With Volt, GM Courts Jilted Fans Of The EV1

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A new Chevrolet Volt electric car at the Detroit-Hamtramck assembly plant in Detroit, Mich. i i

This image from GM shows a new Chevrolet Volt electric car at the Detroit-Hamtramck assembly plant in Detroit. GM said it is investing $336 million to build the new car at the plant. John F. Martin for GM hide caption

itoggle caption John F. Martin for GM
A new Chevrolet Volt electric car at the Detroit-Hamtramck assembly plant in Detroit, Mich.

This image from GM shows a new Chevrolet Volt electric car at the Detroit-Hamtramck assembly plant in Detroit. GM said it is investing $336 million to build the new car at the plant.

John F. Martin for GM

Starting this month, General Motors is taking a second shot at the electric car. The company began producing a small batch of Chevy Volts to check for quality and reliability. Volts go on sale in California later this year.

A decade ago, GM angered customers who leased its first electric car, the EV1, when it canceled the program. Now, GM hopes to win those customers back — along with many more.

A Reunion With An Old Pal

Recently, Kris Trexler visited an old friend at the Petersen Automotive Museum in Los Angeles. Sitting in a place of honor in the museum's electric car exhibit was the very EV1that he leased from GM in the late 1990s.

"Oh gosh," Trexler said, recognizing the car. It was unlocked, so he got in. "Wow, this brings back some serious memories here. This is just amazing to see this car again."

GM made 500 of the all-electric two-seater EV1s in a test program to see if they were viable in the marketplace at the time. A car buff, Trexler said that at first he wanted one because it was the latest, hottest thing. But owning an electric car made him a convert.

"It was really the most reliable car I've ever driven," Trexler said. "It's just a car that I took home, plugged in at night, got up the next morning. It was like having a gasoline station in the garage."

The car was perfect for him. But it had lots of limitations. It was smaller than your average sports car. It looked like something out of The Jetsons. And you could drive it only for about 70 miles before the battery ran out of juice.

Fixing Old Shortcomings

"Range anxiety was a big issue," says Andrew Farah of GM. A veteran of the EV1 program, Farah is the head of engineering for the Volt. Of the EV1, he says it was hard to calculate how far you could drive the little car — in fact, Farah got stranded on his way home from work one day.

Engineers designed the Volt to correct for this and other shortcomings. As a result, the Volt has a gasoline generator to recharge the battery on longer trips.

A new Chevrolet Volt electric car at the Detroit-Hamtramck assembly plant in Detroit, Mich. i i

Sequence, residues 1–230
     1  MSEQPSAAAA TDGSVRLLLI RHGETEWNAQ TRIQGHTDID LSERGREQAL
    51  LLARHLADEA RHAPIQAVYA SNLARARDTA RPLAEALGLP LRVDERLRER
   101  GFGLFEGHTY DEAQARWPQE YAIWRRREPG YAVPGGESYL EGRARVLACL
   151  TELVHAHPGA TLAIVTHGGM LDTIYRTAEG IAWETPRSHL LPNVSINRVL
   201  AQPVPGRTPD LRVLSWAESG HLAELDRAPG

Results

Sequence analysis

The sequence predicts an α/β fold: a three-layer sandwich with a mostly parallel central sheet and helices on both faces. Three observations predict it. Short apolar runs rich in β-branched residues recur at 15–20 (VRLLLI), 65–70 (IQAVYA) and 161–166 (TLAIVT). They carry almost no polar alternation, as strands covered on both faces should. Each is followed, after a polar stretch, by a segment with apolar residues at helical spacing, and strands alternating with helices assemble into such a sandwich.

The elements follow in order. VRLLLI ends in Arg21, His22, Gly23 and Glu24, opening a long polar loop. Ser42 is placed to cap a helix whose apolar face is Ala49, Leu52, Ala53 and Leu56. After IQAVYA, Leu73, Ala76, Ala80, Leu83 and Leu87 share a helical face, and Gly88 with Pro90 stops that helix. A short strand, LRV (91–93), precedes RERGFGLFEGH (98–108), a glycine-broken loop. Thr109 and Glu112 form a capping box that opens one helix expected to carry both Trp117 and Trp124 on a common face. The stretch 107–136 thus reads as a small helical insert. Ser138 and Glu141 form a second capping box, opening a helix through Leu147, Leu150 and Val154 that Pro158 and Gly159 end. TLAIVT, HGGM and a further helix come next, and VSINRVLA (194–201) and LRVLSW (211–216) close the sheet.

GM Chairman John F. Smith announces plans to produce the new EV1 electric car in January 1996. At the time, GM was the first major automaker to market specifically designed electric vehicles to the public. Hal Garb/AFP/Getty Images hide caption

itoggle caption Hal Garb/AFP/Getty Images
A new Chevrolet Volt electric car at the Detroit-Hamtramck assembly plant in Detroit, Mich.

GM Chairman John F. Smith announces plans to produce the new EV1 electric car in January 1996. At the time, GM was the first major automaker to market specifically designed electric vehicles to the public.

Hal Garb/AFP/Getty Images

"You get all of the benefits of a pure battery electric vehicle with none of the detriments," Farah said. "And you can continue to drive hundreds of miles on longer trips burning fuel, and do it as efficiently as the hybrids do."

Farah says the gas generator gives the Volt a big advantage over Nissan's all-electric Leaf, which will also be launched this year. The Leaf will have about the same range as the EV1.

The Volt will be more expensive — even after tax rebates, it's likely to cost more than $30,000. But Farah says that in the end, owning a Volt will still be cheaper than buying a Leaf for the daily commute, plus another car for longer trips.

Hoping The Time Is Now

Ten years ago, Chelsea Sexton was in charge of marketing the EV1. She left GM in a public huff after the company killed the program. Now she directs a nonprofit that supports the adoption of electric vehicles.

"I joke a lot with some of the old EV1 guys who are now working on the Volt that it's almost like the band's getting back together," Sexton said. "But now we finally have an audience."

GM hopes it can sell up to 60,000 Volts a year — a huge number compared to its previous plans for the EV1. And the company isn't taking a single potential customer for granted. GM wants to sell Volts to its former EV1 customers, too. And this time, GM plans to keep the cars on the road, instead of in a museum.

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